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PACK-CXL: Cross-linking the cornea… to conquer infection

EyeWorld’s Jonathan Kahn (JK) interviews Farhad Hafezi (FH) for a PACK-CXL update.


JK: Good morning from the ESCRS conference in Vienna Austria. We’re pleased to have again Dr. Farhad Hafezi from Switzerland. Thanks a lot for being with us today.

FH: Thank you.

JK: I’d like to speak with you this morning about a different type of cross-linking treatment which has been evolving for us, which is using cross-linking to treat microbial keratitis or infectious keratitis. You and others have done quite a bit of work on this topic but I understand that there’s some new information that you’d like to present. Tell us about that.

FH: Yes, we’ve been in tight collaboration with Boris Knyaser from Israel, who has run a very interesting study that has just been submitted now, and basically he has compared two arms in infectious keratitis: one arm is conventional antimicrobial treatment, and the other is antibiotics plus PACK crosslinking. And what he has found, and the numbers are quite high: it’s 40 eyes in in one arm, 32 eyes in the combined arm.

What he has found is that the time to healing was substantially faster; significantly faster in the combined procedure arm. In other words, if you add a cross-linking procedure to antibiotics, the corneas, with an average also size of more than 3 mm, they healed in seven days as opposed to 12 days in the antibiotics only arm.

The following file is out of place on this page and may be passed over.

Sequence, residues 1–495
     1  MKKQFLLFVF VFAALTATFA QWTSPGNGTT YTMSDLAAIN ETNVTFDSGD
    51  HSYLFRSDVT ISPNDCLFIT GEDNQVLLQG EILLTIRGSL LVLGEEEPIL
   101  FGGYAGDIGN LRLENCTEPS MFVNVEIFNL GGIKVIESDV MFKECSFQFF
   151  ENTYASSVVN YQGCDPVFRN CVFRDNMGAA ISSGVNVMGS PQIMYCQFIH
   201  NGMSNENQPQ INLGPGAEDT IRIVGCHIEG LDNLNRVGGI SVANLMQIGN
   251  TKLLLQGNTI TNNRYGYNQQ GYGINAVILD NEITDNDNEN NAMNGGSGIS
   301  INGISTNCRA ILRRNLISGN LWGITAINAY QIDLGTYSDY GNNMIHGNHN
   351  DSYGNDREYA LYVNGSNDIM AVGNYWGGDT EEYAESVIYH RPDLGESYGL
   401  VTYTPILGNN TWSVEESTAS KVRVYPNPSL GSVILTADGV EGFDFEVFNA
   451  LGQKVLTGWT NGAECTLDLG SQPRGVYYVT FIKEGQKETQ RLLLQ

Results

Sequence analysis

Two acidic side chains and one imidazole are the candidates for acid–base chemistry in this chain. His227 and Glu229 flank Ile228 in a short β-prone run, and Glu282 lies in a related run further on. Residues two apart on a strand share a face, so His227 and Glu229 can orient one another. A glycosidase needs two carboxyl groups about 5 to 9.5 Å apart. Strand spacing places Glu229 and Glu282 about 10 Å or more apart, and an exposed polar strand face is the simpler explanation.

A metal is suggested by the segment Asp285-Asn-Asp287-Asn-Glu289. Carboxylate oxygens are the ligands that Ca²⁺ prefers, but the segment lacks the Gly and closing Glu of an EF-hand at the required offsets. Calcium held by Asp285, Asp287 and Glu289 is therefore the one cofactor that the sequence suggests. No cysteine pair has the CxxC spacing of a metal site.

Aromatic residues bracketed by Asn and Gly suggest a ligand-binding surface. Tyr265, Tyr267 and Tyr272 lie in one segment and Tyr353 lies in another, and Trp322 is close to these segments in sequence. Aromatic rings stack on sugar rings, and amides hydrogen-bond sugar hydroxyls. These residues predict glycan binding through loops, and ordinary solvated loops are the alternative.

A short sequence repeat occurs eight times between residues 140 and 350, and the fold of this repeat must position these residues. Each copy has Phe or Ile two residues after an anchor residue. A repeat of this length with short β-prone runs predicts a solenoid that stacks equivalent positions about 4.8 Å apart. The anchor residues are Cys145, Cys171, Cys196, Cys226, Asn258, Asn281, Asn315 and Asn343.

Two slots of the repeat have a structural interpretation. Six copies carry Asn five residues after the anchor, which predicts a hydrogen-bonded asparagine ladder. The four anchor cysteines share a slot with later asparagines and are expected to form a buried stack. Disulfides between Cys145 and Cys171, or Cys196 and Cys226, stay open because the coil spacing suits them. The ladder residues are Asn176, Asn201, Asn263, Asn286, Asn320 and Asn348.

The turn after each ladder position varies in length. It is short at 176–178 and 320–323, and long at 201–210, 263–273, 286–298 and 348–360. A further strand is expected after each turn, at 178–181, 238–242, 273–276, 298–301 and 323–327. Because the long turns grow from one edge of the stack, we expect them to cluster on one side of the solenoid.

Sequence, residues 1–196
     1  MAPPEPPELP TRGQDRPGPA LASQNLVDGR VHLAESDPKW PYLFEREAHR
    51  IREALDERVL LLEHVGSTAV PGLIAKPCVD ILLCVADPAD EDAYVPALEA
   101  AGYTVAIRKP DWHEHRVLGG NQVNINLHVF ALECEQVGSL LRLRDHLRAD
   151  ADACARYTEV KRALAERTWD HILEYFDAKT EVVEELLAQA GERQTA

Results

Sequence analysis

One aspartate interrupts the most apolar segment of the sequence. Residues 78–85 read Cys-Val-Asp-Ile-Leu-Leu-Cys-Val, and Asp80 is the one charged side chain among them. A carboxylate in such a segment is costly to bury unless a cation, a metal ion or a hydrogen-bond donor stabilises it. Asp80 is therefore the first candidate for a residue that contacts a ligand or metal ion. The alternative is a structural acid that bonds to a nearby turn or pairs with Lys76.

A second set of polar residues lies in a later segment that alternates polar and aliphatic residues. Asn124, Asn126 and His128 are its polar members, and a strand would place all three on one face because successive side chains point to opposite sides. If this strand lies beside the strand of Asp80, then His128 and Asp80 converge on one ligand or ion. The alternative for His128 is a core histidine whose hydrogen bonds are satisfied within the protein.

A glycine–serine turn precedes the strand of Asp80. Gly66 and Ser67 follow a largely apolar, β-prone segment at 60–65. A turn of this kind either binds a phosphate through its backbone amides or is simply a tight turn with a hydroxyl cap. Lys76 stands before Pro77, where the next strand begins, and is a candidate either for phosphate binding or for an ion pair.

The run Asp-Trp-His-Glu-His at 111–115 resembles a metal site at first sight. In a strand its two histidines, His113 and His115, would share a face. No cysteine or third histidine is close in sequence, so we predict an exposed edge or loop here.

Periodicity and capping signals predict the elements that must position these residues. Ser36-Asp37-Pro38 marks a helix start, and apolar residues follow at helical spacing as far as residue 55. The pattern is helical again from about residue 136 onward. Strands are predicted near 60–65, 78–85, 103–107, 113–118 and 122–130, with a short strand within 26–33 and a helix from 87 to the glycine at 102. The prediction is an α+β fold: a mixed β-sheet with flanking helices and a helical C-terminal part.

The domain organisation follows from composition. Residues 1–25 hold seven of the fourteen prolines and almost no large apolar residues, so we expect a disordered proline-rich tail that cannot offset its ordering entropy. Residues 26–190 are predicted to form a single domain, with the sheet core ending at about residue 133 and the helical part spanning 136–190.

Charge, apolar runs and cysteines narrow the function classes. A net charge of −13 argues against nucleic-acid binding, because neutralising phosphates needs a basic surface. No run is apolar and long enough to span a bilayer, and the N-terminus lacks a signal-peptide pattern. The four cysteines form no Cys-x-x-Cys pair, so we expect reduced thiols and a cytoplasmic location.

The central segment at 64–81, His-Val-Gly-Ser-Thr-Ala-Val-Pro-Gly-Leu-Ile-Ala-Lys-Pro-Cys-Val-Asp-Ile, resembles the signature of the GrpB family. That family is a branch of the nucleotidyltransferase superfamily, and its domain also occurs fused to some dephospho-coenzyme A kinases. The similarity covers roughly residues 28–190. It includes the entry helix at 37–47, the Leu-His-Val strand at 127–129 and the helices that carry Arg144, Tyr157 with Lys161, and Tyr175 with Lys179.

JK: Well, this is really not surprising data, but it’s interesting data to support the use of cross-linking in treating infectious keratitis. I’m curious were these cases the more severe cases of infectious keratitis? Were they more mild cases or did they run a gamut there?

FH: These were intermediate ulcers according to the classification of the Academy, but what makes it interesting is two things: first of all they retreated in an accelerated protocol – so not for half an hour, but for a few minutes only. And the second issue is this is still done with the fluence of 5.4 J/cm² as we do in conventional cross-linking. We will go up to 7.2 J/cm² – even higher in newer protocols to increase the efficacy of the method.

JK: Do you think that it’s possible that cross-linking may be proposed as a standalone treatment for infectious keratitis? Do you think that a trial comparing cross-linking alone versus topical antibiotics may be considered instead of cross-linking with antibiotics?

FH: This might be the case in very ulcers, but I think more realistic would be to shorten the time of antibiotic regimen, so instead of giving antibiotics for two weeks it might be a few days only. But our multicenter trial is doing exactly this: antibiotics alone versus cross-linking alone. We have a little more than twenty eyes in the study now and the first results look quite promising.

JK: Well, we will look forward to the results of that study when they become available, and again thank you so much for explaining this very important topic, which is collagen cross-linking in infectious keratitis. Thanks again.

FH: Thank you.


The ELZA Institute

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